The institutional framework for SDRs and their use varies across countries. A key consideration is whether the SDR allocations are made to the central bank and then reside on its balance sheet or to another branch of government such as the ministry of finance or treasury. But, beyond that general distinction, much depends on the precise arrangements in each country.

The UK provides a good illustration of the interplay between the accounting for the SDR allocation and the institutional set up. The Exchange Equalization Account (EEA), which is controlled by the Treasury, holds the UK's reserves of gold, foreign currency assets, and SDRs.[4] This institutional set up differs from most countries in which official reserves including SDRs are on the balance sheet of the central bank.[5] But as well as highlighting the advantages of lending SDRs and the difficulty of donating SDRs, this example also shows how it may be possible to use SDR to support a donation with no net impact on the government’s borrowing requirements.

The UK example

The UK has, for a number of years, lent some of its SDR holdings to the PRGT. This lending reduces the UK’s SDR holdings, so that earnings on its holdings fall short of interest due on its allocation. But this shortcoming is offset by interest earned at the SDR interest rate on loans to the PRGT. And although lending to the PRGT has a maximum maturity of 10 years, the UK’s claims remain liquid. The lending is in the form of notes which can be traded with other official entities, and the liquidity of these claims is also supported by the “encashment” regime available to lenders to the PRGT. This allows participating lenders to seek early repayment of their loans in case of balance of payments need while also authorizing their own loans to be drawn upon to meet early repayments by other lenders. These features, coupled with the relatively low risk of lending through the PRGT, allows the EEA to treat its loans to the PRGT as fully liquid international reserves, while earning the same interest as SDR holdings. In May 2020, the UK’s lending agreement was amended to raise the total available to the PRGT to SDR 4 billion. Although this was one of the larger bilateral lending agreements supporting the PRGT, it approximates to only about 40 percent of the UK’s existing SDR allocation.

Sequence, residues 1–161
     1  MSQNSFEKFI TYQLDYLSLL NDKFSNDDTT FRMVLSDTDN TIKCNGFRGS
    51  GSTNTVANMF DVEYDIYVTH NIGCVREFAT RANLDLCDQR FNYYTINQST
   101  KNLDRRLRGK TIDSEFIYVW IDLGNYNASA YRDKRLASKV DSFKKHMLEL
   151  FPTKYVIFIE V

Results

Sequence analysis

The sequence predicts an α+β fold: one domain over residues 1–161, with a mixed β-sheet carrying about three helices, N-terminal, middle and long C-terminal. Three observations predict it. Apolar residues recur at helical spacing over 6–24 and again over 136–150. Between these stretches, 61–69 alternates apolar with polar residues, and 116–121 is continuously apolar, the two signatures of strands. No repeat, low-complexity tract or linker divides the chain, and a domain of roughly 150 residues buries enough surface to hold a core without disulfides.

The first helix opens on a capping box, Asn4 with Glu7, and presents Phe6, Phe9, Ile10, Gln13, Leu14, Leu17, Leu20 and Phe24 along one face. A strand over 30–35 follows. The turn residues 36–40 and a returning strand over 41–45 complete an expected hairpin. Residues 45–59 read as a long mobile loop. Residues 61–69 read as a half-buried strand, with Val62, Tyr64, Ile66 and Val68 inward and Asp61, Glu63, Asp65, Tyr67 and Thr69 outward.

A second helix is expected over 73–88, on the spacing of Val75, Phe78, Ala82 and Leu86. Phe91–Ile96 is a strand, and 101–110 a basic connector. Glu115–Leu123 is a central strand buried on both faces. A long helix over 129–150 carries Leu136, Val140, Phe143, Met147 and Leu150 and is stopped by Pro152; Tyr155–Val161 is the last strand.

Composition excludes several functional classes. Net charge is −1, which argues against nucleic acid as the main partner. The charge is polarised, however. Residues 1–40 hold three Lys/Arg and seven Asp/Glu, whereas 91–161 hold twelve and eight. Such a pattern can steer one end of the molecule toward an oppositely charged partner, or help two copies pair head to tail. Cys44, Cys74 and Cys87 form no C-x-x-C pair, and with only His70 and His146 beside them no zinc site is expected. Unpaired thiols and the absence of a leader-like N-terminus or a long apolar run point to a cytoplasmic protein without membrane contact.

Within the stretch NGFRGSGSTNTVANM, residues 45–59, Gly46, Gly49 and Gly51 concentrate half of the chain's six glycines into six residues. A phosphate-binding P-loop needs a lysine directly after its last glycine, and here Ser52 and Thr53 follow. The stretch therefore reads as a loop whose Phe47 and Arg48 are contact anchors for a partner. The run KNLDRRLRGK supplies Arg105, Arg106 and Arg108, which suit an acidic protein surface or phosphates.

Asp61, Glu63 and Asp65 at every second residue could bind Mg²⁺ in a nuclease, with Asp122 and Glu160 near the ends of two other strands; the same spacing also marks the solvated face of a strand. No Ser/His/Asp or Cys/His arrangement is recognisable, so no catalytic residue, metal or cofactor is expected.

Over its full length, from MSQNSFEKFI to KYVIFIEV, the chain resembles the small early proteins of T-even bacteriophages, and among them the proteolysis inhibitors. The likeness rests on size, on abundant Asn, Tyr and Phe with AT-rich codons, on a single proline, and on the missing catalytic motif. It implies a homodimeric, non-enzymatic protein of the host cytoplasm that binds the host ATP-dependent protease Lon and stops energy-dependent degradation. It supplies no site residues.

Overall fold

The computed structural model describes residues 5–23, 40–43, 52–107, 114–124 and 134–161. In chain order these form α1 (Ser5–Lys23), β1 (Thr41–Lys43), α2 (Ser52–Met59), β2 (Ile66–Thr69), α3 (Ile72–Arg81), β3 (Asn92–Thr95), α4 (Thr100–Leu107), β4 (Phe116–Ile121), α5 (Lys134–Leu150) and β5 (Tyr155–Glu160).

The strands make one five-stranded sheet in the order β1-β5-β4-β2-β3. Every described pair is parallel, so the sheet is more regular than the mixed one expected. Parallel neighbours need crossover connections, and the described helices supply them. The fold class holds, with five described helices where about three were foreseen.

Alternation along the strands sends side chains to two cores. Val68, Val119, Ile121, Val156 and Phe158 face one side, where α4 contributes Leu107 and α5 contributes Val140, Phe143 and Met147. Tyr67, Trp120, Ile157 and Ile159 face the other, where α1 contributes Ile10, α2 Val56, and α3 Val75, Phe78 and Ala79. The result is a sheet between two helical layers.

The proposed SDR allocation would add about 14 percent to the assets of the EEA.[6] The UK’s share of a $650 billion allocation would be $27.6 billion, or about £20 billion, and bring a near three-fold increase in the UK’s SDR holdings. The increase in reserves would also be significant in relation to recent funding of the EEA. Following the global financial crisis in 2008, official reserves were augmented “to ensure that the level of foreign currency reserves held is sufficient for the UK to remain resilient to possible future shocks.” The EEA’s annual report notes that “a further £6 billion in additional financing was provided in 2019-20 … concluding the program of additional financing which has seen an additional £72 billion invested over 12 years.”

Some of the resulting excess reserves from the UK’s new allocation could be used to provide larger loans to the PRGT. This would have the advantages noted above for both LICs and the UK. But on a global scale there may well be many more SDRs available from potential lenders than the PRGT could absorb. This has a number of dimensions. The scale of lending may become too large in relation to the PRGT reserve account which can be drawn upon to repay lenders in the event of delayed repayments by countries borrowing from the PRGT. The weakening of this important risk mitigant would become more of a concern if sharply higher lending by the PRGT brought greater risks of debt distress among LICs. In addition, while the PRGT has adequate subsidy resources to maintain commitments at the high level of over SDR 6 billion seen in 2020 for the next 3-4 year, these resources will need to be replenished at some point. Other avenues will be needed to ensure that surplus SDRs are used effectively.

A direct donation of SDRs from the UK’s EEA does not appear to be possible. The current rules governing the EEA’s operations, including the act under which it was established, do not suggest that there is scope for the Treasury to approve a donation from the EEA. Moreover, the EEA is closely linked to the National Loans Fund (NLF), which provides the bulk of its resources.